As already mentioned, the IASB had tentatively decided some years ago, that it wished to carry the principle of immediate recognition into IAS 19. However, it also decided that this was only to occur after issuance of a standard introducing the Comprehensive Income Statement. Since this has now been deferred for various reasons, possibly in particular to the intransigence of the US Accounting Standards Board, FASB, and apparently for several years, the IASB decided in its meeting of mid-December 2003 to implement a ‘small solution’ to IAS 19 by 2005 instead.
What will IAS 19 look like?
This “small solution” is expected to contain two amendments. First, preparers will be given the choice of applying immediate or deferred recognition. Immediate recognition will be effected along similar lines to the treatment under FRS 17, ie, IAS 19 will allow preparers to pass unexpected movements in the assets and liabilities not through the income statement itself, but rather through a “shadow” – or “other comprehensive” – income statement. Second, the current disclosure regulations of IAS 19 will be amended to come closer into line with those issued by the FASB in December of last year.
IASB’s reasoning
Does this mean that the IASB has come around to accepting deferred recognition in principle? By all accounts, and regretfully, this cannot be assumed for the majority of the board members, at this time at least.
What are the main reasons underpinning the majority opinion on the board of immediate recognition? My understanding is that there are three main reasons: First, IAS 19 is apparently incompatible with IAS 1, the standard governing the presentation of financial statements. Second, the principle of deferred recognition contained in IAS 19 and its US counterpart FAS 87 are considered, in particular by the IASB chairman, Sir David Tweedie, as being “arbitrary” as well as permitting preparers to “fudge” results. Third, the relevant British standard on employee benefits, FRS 17, is considered as best in class amongst standards existing in the world today.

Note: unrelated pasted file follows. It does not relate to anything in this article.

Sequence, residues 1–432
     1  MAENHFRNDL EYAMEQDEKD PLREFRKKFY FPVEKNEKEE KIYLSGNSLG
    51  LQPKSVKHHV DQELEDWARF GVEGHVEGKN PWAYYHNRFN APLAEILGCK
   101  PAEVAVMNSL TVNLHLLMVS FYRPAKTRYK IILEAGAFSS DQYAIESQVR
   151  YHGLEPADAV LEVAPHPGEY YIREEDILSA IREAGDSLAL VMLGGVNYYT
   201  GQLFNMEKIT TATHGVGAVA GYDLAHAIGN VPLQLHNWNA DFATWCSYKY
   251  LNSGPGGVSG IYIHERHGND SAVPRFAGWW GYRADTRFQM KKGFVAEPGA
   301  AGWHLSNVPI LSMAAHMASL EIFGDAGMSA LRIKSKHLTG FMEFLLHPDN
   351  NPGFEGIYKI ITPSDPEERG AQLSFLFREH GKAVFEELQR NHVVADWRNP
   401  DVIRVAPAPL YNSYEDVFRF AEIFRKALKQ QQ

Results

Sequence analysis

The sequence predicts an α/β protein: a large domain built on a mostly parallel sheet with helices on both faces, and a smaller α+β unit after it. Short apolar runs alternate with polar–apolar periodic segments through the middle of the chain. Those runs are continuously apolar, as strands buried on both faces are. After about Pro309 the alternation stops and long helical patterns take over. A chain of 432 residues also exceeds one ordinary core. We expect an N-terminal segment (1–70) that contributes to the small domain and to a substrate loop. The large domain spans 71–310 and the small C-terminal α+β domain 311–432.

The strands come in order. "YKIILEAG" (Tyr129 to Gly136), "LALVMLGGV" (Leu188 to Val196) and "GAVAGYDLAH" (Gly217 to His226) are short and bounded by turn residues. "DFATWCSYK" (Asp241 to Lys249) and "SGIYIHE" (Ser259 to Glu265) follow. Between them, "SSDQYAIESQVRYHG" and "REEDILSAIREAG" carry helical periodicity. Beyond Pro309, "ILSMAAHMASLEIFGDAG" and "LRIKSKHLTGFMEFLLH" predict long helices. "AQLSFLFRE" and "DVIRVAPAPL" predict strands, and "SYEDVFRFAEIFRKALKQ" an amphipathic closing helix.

Some serious objections should be levelled against these arguments. When the current version of IAS 19 was passed in 1998 it was considered at the time by the board to be in line both with IAS 1 and with the then internationally accepted US accounting standard, FAS 87. In view of the long-term nature of pension contracts and the long established treatment of accruing pension cost according to the principle of deferred recognition, preparers have some right to expect continuity. A sudden change in direction, as that envisaged by the board on such a fundamental issue, can only be considered as a breach in confidence.